Zen - Aufsätze von B. Victoria


Aufsätze von Brian Victoria 

Brian Victoria, Visiting Research Fellow, International Research Center for Japanese Studies, Kyoto.
Brian Daizen Victoria holds an M.A. in Buddhist Studies from Sōtō Zen sectaffiliated Komazawa University in Tokyo, and a Ph.D. from the Department of Religious Studies at Temple University.
In addition to a 2nd, enlarged edition of Zen At War (http://amzn.com/0742539261/?tag=theasipacjo0b-20) (Rowman & Littlefield), major writings include Zen War Stories (http://amzn.com/0700715819/?tag=theasipacjo0b-20) (RoutledgeCurzon); an autobiographical work in Japanese entitled Gaijin de ari, Zen bozu de ari (As a Foreigner, As a Zen Priest); Zen Master Dōgen (http://amzn.com/0834801167/?tag=theasipacjo0b-20), coauthored with Prof. Yokoi Yūhō of Aichi-gakuin University (Weatherhill); and a translation of The Zen Life (http://amzn.com/0834815176/?tag=theasipacjo0b-20) by Sato Koji (Weatherhill).
He is currently a Visiting Research Fellow at the International Research Center for Japanese Studies (aka Nichibunken) in Kyoto.
"Zen at War" erschien 1999 als "Zen, Nationalismus und Krieg  -  ein unheimliche Allianz" im Verlag Theseus (ISBN  3-89620-132-8)
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The Zen of Hitler Jugend
The Tripartite Pact linking Nazi Germany, Fascist Italy and Imperial Japan was signed in Berlin on September 27, 1940. Less than two months after the pact was signed, a six-member delegation of Hitler Jugend (Hitler Youth) arrived in Japan. This was actually the second Hitler Jugend delegation to visit Japan, a much larger delegation having first visited in the fall of 1938. In honor of the first delegation's visit, a song was composed entitled Banzai Hitorā Jūgento (Long Live Hitler Youth!). A recording of this song together with photographs highlighting the activities of both the first and second delegations in Japan is embedded below.
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War Remembrance in Japan's Buddhist Cemeteries, Part I: Kannon Hears the Cris of War.
As discussed in Part I, Buddhist temples in Japan have, at least until recently, had a near monopoly on the conduct of funerary rites, including memorial services for the deceased lasting over many years, even generations. Additionally, cemeteries with family, not individual, graves are typically located on temple grounds. Thus, temples play a significant role in the manner in which the deceased are remembered if not eulogized.

Deceased soldiers from the Asian-Pacific War (1931-45) can be eulogized with as simple a designation as that ofeirei(heroic spirit) added to their names on grave markers or other monuments. From there, as introduced in Part I, it can escalate to take on many forms such as statues of Kannon(Skt. Avalokiteśvara, Ch. Guanyin), located either outside or inside of temples, whose compassionate embrace is dedicated to consoling the spirits of deceased soldiers, e.g.,Tokkō Kannon(Kannon for "Special Attack Forces" akaKamikaze pilots).

Part II of this article focuses on the way in which deceased soldiers, and the war they fought in, are remembered and eulogized at the headquarters of the esoteric Shingon sect in Japan located on Mt. Kōya. ....

War Remembrance in Japan's Buddhist Cemeteries, Part II
:  Transforming War Criminals into Martyrs: "True Words" on Mr. Kôya 
Sawaki Kodo, Zen and Wartime Japan: Final Pieces of the Puzle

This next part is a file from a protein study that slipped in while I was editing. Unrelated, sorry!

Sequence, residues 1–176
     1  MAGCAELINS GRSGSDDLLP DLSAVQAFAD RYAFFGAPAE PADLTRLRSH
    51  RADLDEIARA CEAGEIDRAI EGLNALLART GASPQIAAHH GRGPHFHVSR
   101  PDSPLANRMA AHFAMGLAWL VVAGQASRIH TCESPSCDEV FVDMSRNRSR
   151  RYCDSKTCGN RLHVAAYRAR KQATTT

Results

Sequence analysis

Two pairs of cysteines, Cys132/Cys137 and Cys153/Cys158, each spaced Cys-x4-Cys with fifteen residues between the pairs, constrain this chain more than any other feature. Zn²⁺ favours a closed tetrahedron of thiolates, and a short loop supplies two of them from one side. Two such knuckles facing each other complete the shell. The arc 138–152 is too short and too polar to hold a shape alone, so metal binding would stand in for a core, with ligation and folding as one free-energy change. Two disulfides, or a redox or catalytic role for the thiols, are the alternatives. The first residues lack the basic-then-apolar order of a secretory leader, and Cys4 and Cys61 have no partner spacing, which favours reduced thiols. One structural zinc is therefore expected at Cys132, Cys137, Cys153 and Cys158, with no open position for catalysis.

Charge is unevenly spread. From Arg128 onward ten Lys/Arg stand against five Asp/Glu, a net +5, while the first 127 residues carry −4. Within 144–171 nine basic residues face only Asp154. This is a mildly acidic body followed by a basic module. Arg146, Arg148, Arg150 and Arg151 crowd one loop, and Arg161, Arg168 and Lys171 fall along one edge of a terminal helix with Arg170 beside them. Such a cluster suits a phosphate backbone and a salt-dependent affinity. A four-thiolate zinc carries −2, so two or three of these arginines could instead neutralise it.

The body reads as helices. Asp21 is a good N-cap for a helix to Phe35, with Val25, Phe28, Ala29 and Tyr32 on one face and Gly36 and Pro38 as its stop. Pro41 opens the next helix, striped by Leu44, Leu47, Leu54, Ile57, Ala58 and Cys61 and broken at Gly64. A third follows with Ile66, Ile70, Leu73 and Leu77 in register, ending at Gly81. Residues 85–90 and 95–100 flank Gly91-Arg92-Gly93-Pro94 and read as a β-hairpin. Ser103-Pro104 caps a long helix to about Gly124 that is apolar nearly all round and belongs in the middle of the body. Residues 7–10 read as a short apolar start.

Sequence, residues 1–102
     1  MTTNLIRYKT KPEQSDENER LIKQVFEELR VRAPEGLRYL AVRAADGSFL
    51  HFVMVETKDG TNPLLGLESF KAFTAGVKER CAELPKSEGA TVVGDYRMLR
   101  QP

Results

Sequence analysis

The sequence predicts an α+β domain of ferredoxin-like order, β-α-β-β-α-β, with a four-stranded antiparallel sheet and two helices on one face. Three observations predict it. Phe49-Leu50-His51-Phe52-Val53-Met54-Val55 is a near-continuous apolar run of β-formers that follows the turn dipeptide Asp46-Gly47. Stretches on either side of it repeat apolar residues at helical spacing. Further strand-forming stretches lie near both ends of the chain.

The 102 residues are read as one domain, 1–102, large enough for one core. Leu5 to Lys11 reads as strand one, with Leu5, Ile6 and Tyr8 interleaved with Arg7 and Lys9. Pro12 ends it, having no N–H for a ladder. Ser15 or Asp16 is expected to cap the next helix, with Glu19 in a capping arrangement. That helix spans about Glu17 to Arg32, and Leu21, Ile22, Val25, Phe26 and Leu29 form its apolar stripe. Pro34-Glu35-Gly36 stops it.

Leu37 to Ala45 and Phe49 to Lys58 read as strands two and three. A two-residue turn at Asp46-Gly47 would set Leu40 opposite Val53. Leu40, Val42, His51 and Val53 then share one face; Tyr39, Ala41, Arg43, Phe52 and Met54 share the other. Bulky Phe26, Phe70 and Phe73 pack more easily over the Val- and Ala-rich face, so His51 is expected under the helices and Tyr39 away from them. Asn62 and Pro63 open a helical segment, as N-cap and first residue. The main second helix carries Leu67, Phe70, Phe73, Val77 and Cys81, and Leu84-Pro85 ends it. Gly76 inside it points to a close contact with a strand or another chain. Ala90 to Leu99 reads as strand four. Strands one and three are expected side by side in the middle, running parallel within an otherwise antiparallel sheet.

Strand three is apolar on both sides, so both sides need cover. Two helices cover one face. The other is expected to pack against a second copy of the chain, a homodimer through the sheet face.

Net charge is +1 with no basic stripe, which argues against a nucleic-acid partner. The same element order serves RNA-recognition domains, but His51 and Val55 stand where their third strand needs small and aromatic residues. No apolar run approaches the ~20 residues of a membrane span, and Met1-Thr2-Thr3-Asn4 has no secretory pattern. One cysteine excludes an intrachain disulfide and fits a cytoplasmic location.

An earlier article posted at The Asia-Pacific Journal entitled “Zen Masters on the Battlefield” (available here (https://apjjf.org/-Brian-Victoria/4133)) sparked a heated online debate extending over a series of articles concerning the wartime role of Sōtō Zen Master Sawaki Kōdō (1880-1965). 
In light of this debate, I invite readers to join me as I seek to “take readers behind the scenes” to recreate the wartime past of Zen master Sawaki Kōdō. Inasmuch as Sawaki’s war-related statements are already known, the primary focus of this article is a recreation of Sawaki’s wartime activities as the final pieces of a puzzle leading to a comprehensive understanding of this well-known master’s wartime record.

Sōka Gakkai Founder, Makiguchi Tsunesaburō, A Man of Peace?
創価学会の創立者・牧口恒三郎 平和を愛する男?
Readers familiar with my research will know that its focus has been on the wartime actions and statements of Japan’s institutional Buddhist leaders, most especially those affiliated with the Zen school. Nearly to a man, their actions and statements were strongly supportive of Japanese aggression and imperialist actions. In the postwar era many of these same Zen leaders played a seminal role in the introduction of Zen to the West. Thus, it came as a shock to their Western adherents to learn that their beloved Zen masters had once been fervent advocates of aggressive war. They believed, or wanted to believe, that “enlightened” Zen masters were unlike those priests, rabbis, chaplains of other faiths who, with but few exceptions, have always expressed their unstinting support for the wars fought by their nations.
Having revealed the “dark side” of wartime Japanese Buddhism,, I was, as a Buddhist, initially glad to learn of the putative war resistance of Makiguchi Tsunesaburō (1871-1944), founder of a Nichiren sectaffiliated, lay Buddhist organization today known as Sōka Gakkai (Value-Creating Society). ....
“War is a Crime”: Takenaka Shōgen and Buddhist Resistance in the Asia-Pacific War and Today
Narusawa Muneo, Brian Victoria
Translated and with a comment by Brian Daizen Victoria
In this country it is uncommon to have the opportunity to reflect on the conscience of those who were opposed to war. However, now is the time to direct our thoughts to the way of life and words of a Buddhist priest who risked his life in the prewar era to proclaim: “War is a Crime.”
The village of Taruichō in Gifu prefecture once prospered as a stage on the pre-modern Nakasendō main road. Today, when you get off the train at Tarui station on the Tōkaidō line, you find yourself in the midst of an agricultural area full of rice paddies. Travelling by car for another four kilometers eventually takes you to an old temple by the name of Myōsenji, affiliated with the Ōtani branch of the Shin [True Pure Land] sect.
To the left of the main entrance to the temple is a stone pillar on which are inscribed the words: ”War is a Crime.” At the bottom, the pillar states: “This is the temple of Abbot Takenaka Shōgen.” ....